André Collin, Man from Java in Formal Dress
André Collin (1862-1930)

Man from Java in Formal Dress, 1884

Oil on canvas, H. 2.2 m; W. 1.2 m

Signed and dated middle right: André Collin 1884

Provenance: Private collection

  1. Le Hardy de Beaulieu, “André Collin 1862-1930”, Aux Sources de la Lesse, 1999-2, p. 25, ill. 35.

Collin was trained at the Fine Arts Academy of Brussels under Jean-François Portaels, who was in turn a disciple of Navez who had brought to Belgium the teachings of David. After winning the Godecharle prize in 1884, Collin moved to Paris where he worked in the studios of Jules Lefèbvre and Gustave Boulanger, both of whom were successful painters and professors at the École des Beaux-Arts and the Académie Julian. Around 1886, he moved to Liège for a few years and then opened a large studio in Brussels. He became friendly with his patron Henri van Cutsem who invited to him to his property and bequeathed the Chateau of Ronfays to him. Collin lived there until 1918 when he moved to Menton for health reasons. He exhibited regularly at the Brussels salons. He left beautiful landscapes of Belgian Luxemburg and the Cote d’Azur, as well as interesting interior scenes and genre subjects.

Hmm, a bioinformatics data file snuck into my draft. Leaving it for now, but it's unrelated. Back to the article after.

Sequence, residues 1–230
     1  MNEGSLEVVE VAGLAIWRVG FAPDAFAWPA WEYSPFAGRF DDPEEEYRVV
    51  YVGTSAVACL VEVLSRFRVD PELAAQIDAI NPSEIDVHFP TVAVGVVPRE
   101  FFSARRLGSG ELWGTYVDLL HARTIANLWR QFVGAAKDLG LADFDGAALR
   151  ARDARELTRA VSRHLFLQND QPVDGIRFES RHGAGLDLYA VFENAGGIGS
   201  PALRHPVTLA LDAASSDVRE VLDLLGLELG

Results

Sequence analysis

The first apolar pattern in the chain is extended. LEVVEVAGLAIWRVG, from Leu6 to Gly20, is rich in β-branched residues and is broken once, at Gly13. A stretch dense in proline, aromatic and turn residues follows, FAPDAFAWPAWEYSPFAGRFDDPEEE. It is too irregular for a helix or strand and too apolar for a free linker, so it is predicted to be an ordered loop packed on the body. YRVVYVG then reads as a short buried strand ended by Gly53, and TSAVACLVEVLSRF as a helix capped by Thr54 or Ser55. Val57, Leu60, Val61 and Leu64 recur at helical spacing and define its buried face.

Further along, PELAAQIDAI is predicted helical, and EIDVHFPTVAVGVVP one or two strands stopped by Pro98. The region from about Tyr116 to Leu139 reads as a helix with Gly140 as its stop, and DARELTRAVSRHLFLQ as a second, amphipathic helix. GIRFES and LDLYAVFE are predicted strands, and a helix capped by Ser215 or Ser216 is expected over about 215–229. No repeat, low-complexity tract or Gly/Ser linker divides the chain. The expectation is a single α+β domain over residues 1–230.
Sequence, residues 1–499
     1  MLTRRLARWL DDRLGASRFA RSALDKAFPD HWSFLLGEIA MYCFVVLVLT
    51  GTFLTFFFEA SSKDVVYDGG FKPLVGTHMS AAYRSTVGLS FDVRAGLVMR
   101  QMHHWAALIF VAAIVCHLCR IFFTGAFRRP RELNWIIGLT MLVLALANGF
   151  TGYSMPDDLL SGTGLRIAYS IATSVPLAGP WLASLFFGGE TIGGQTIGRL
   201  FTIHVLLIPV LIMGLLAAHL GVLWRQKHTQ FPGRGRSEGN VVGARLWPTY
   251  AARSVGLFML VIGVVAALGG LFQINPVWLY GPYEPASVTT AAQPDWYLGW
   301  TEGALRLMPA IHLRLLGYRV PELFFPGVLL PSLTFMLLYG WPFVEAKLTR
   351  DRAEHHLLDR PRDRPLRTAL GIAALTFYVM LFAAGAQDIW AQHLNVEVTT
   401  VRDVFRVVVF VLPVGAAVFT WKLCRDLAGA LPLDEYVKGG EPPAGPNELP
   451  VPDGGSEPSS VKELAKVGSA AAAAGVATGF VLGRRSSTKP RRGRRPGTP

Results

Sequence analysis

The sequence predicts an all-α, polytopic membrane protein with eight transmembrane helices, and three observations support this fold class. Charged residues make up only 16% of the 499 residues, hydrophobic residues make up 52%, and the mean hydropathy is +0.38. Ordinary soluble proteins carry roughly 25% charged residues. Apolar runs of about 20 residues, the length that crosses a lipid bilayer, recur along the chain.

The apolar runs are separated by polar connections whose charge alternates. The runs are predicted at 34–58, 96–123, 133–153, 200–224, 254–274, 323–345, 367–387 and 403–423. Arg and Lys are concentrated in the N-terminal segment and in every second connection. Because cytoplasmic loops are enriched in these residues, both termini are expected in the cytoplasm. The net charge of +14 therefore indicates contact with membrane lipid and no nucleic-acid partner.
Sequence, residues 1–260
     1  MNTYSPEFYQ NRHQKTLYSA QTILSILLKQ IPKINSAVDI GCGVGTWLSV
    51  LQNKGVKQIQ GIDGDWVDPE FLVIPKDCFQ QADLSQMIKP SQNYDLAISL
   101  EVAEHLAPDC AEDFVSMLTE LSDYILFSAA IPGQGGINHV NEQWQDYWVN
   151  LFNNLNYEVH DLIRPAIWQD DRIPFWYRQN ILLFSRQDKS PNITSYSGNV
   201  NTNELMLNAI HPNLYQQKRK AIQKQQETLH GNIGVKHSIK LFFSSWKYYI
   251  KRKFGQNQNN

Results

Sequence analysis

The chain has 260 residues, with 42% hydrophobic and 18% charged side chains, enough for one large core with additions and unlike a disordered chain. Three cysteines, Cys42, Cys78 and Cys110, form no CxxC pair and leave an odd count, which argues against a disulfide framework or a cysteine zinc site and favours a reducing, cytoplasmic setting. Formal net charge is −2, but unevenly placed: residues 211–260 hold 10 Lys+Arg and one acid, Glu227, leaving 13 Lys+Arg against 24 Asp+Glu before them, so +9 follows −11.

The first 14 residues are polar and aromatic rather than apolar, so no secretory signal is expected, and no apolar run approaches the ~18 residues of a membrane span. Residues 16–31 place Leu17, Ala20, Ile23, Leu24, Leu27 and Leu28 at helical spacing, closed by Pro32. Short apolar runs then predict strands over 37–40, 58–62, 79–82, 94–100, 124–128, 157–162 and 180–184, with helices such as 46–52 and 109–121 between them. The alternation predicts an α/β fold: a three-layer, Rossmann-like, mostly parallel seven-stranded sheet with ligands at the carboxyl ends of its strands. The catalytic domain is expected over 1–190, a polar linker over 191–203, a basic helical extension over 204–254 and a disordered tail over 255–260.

Probably created during his time in Paris, our painting is typical of his early style. Both realistic and precise in the treatment of the figure’s formal costume, the work shows the scene’s diffuse light and shows great sensitivity to the rendering of the atmosphere. The young man is wearing a “sarong” which is tied at the front. This large piece of cloth was worn both by Indonesian women and men, who folded it and knotted it around their waist. His thick fitted shirt is typical of Java and is called a “beskap”. Generally dark in colour and without a pattern, the “beskap” was worn for ceremonies and important occasions. On his head, we can see a “blangkon”, the traditional headgear of Javanese men. He is also wearing a “kriss” a sword with a straight or curved blade, sharpened on both sides. Both an arm and a ritual object, the “kriss” was traditionally considered to have magical powers and was passed on from father to son. On Java and Bali, the “kriss” was worn on the back, as Collin has shown here.